Conference Agenda

RS11_09: Emerging forms of precariousness: Hybrids between employment and self-employment
Friday, 23/Aug/2019:
11:00am - 12:30pm

Session Chair: Renato Miguel Carmo, Instituto Universitário de Lisboa (ISCTE-IUL)
Session Chair: Annalisa Murgia, University of Milan
Location: UP.4.206
University of Manchester Building: University Place, Fourth Floor Oxford Road


Employment Quality As A Health Determinant: Cross-Cutting Boundaries Between Types Of Waged And Self-Employed.

Jessie Gevaert1, Karen Van Aerden1, Deborah De Moortel1,2, Christophe Vanroelen1,3

1Vrije Universiteit Brussel, Belgium; 2Heinrich-Heine-University Düsseldorf, Germany; 3Universitat Pompeu Fabra Barcelona, Spain

The aim of this study was to research differences in mental well-being and general self-rated health between different forms of waged- and self-employment, using the concept of employment quality. Employment quality refers to the conditions and relations of employment and is an under-studied component of broader ‘job quality’. For that purpose, data from the European Working Conditions Survey, round six (2015) was analysed. We restricted the analyses to the EU27. Latent Class Cluster Analysis was used to construct typologies of employment quality for both the waged- and the self-employed. Then, the association between the constructed typologies, intrinsic job quality and the health outcomes was studied (using logistic regression). The cluster analyses revealed ten types of jobs with clearly diverging levels of employment quality. Workers belonging to low-quality types of work experienced poorer health and well-being. This was especially the case for self-employed with low employment quality. These results remained, controlling for intrinsic job quality characteristics. The findings of this study implicate that employment quality should be taken seriously as a health determinant – and is cross-cutting traditional distinctions between waged- and self-employed.

In the Name of Passion: Passionate Work and Precariousness in Food and Beverage Italian Micro-entrepreneurs

Alessandro Gerosa

University of Milan, Italy

Thanks to a sector characterized by a rapid transformation toward an omnivorous taste for authentic experiences and a historically rooted tradition of coffee bars and food, to open a small food or drink business in Italy has become one of the most accessible entry-points to a humbler and labor-intensive variant of the «creative economy». This study analyses micro-entrepreneurs in food and beverage sector in Milan, Italy through ethnographic material composed by 40 interviews and participant observation at events hosted at their businesses, using the concepts of passionate work and precariousness as theoretical lenses. Three main results are discussed: micro-entrepreneurs in their everyday work realize a «passionate sacrifice», as they declare themselves willing to sacrifice economic value for ethical value in the production of the goods or services sold to the customers, that is both a voluntary act that tries to transform labour into attractive labor and an obliged ritual to be a recognized member of the market niche and survive as micro-entrepreneur; to frame their work as fulfilled «in the name of passion» becomes fundamental to identify themselves as a different category from more traditional businesses in the same field and to offset the more manual-intensive component of their job that persists and the stress related to precariousness and the generally low economic earnings; the choice to become a micro-entrepreneur, facing high risks and precariousness, depends on the desire to achieve a satisfying job in comparison with employed labour, considered often similarly precarious but without the benefits of being «employers of themselves».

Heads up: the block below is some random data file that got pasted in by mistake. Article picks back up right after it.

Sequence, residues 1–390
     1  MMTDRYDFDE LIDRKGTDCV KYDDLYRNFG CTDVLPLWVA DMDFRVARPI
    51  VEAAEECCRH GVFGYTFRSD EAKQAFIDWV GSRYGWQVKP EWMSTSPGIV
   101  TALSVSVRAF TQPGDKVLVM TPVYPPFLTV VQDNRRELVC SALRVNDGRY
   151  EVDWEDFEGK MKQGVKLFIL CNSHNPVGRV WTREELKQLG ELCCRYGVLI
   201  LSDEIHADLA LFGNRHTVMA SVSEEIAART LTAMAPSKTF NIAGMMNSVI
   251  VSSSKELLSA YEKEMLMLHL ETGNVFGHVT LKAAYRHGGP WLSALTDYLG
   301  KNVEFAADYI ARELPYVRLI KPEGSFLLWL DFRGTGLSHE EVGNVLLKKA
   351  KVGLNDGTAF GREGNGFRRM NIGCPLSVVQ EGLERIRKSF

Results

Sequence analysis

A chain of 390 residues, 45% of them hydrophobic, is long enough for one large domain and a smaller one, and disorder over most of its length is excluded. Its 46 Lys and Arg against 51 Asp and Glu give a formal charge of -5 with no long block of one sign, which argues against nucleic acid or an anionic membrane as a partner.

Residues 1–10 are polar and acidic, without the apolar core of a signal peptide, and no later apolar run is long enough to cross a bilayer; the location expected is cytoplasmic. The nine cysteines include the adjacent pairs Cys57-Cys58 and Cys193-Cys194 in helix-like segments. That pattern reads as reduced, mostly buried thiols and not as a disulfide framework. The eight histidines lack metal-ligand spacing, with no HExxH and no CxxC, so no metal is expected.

Perceived Employment and Life Precariousness: A Study in Croatia, Italy and the Netherlands

Chiara Bassetti1, Filip Majetić2, Miroslav Rajter3